CO-INFECTION OF BRUCELLA AND DENGUE VIRUS
Objective: Brucellosis is an important zoonotic infection having a worldwide distribution. In South East Asian developing countries like India, brucellosis is yet well-known but often neglected disease. Although dengue fever has a global distribution, South East Asian region together with the Western Pacific region represents 75% of the current global disease burden. Frequent dengue fever outbreaks have been encountered in different parts of India. Both brucellosis and dengue fever may present with many nonspecific symptoms. This study was designed to identify the trend of their co-infection.
Methods: The study was carried out from February 2015 to July 2016 in Eastern India. Blood samples collected from clinically suspected dengue fever cases were confirmed serologically by dengue specific NS1, IgM, and IgG capture ELISA methods. The confirmed dengue samples were further subjected to Brucella specific serological and molecular investigations.
Results: Out of 37 serologically confirmed dengue cases, 8 (21.6%) showed co-infection of brucellosis and dengue fever. Female predominance was observed among the co-infection cases. Most of these cases belonged to the age group 21-40 years and resided in and around Kolkata.
Conclusion: This study portrays the simultaneous acquisition of these two pathogens in a few patients. Co-infection of these two pathogens, while feasible, has not been accounted previously in this part of India. Thus, this report highlights the significance of studying the possibility of occurrence of dual infection of these two diseases and its outcome in patients with febrile illness thereby providing future scope of preventing case fatalities
Keywords: Brucellosis, Dengue, Co-infection, ELISA, Polymerase chain reaction.
2. Saha S, Gupta D, Das S. Autoimmune changes in human brucellosis. Int J Biopharm 2013;4:131-4.
3. Pappas G, Akritidis N, Bosilkovski M, Tsianos E. Brucellosis. N Engl J Med 2005;352(22):2325-36.
4. Chatterjee D, Halder D, Chakraborty U, Dutta D, Kuila P, Das S. Antimicrobial activities of pharmacological and antioxidant compounds of some edible mushrooms against Brucella spp. Int J Pharm Sci Res 2016. [In Press].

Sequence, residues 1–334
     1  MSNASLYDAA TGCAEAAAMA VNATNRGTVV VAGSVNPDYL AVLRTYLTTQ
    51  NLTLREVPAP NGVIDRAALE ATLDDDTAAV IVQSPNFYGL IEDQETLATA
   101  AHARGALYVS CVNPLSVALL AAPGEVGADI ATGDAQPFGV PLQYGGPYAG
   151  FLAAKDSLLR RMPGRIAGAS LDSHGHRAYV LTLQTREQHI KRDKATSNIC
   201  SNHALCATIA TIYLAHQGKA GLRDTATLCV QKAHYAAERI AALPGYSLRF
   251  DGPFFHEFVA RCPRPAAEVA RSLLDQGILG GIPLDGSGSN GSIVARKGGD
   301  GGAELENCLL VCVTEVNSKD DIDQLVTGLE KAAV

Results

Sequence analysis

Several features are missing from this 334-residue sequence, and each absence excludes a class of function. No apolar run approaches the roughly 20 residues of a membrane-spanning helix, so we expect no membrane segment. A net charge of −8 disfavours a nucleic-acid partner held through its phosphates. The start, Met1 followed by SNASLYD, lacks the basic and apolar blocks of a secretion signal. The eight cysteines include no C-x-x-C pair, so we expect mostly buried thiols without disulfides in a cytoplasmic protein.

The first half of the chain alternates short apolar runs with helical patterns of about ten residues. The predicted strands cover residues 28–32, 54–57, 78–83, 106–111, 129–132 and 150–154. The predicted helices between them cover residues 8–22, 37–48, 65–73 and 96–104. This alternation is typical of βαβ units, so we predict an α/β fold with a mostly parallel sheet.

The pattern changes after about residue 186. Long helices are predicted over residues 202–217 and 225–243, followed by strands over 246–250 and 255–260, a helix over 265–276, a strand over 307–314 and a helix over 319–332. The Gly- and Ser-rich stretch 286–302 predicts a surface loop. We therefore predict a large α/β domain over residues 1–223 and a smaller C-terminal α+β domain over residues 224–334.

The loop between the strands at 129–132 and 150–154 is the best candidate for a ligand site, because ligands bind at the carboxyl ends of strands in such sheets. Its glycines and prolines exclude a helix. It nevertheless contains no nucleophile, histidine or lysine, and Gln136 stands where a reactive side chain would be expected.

5. Sen A, Banerjee P, Dutta D, Pal MK, Ray A, Das S. Brucellar uveitis in Eastern India. Asian J Pharm Clin Res 2016. [In Press].
6. Atluri VL, Xavica MN, De Jong MF, Den Hartigh AB, Tsolis RE. Interactions of the human pathogenic Brucella species with their hosts. Annu Rev Microbiol 2011;65:523-41.
7. Lambrechts L, Scott TW, Gubler DJ. Consequences of the expanding global distribution of Aedes albopictus for dengue virus transmission. PLoS Negl Trop Dis 2010;4(5):e646.
8. Garg A, Garg J, Rao YK, Upadhay GC, Sakhuja S. Prevalence of dengue among clinically suspected febrile episodes at a teaching hospital in North India. J Infect Dis Immun 2011;3:85-9.
9. Ayyub M, Al-Juhani NR, Alfi AY, Al-Ukayli S. Brucellosis and dengue fever â€“ a co-infection or cross reactivity? Biomedica 2006;22:80-3.
10. Bzeizi KI, Benmousa A, Sanai FM. Coincidence of acute Brucella hepatitis and dengue fever or serologic cross-reactivity? Saudi J Gastroenterol 2010;16(4):299-301.
11. Vijayakumar TS, Chandy S, Sathish N, Abraham M, Abraham P, Sridharan G. Is dengue emerging as a major public health problem? Indian J Med Res 2005;121(2):100-7.
12. Innis BL, Nisalak A, Nimmannitya S, Kusalerdchariya S, Chongswasdi V, Suntayakorn S, et al. An enzyme-linked immunosorbent assay to characterize dengue infections where dengue and Japanese encephalitis co-circulate. Am J Trop Med Hyg 1989;40(4):418-27.
13. Laboratory Guidance and Diagnostic Testing. Centers for Disease Control and Prevention. Available from: http://www.cdc.gov/dengue/ clinicallab/laboratory.html. [Last accessed on 2013 Jul 20].
14. Chart H, Okubadejo OA, Rowe B. The serological relationship between Escherichia coli O157 and Yersinia enterocolitica O9 using sera from patients with brucellosis. Epidemiol Infect 1992;108(1):77-85.
15. Makino Y, Tadano M, Saito M, Maneekarn N, Sittisombut N, Sirisanthana V, et al. Studies on serological cross-reaction in sequential Flavivirus infections. Microbiol Immunol 1994;38(12):951-5.
The publication is licensed under CC By and is open access. Copyright is with author and allowed to retain publishing rights without restrictions.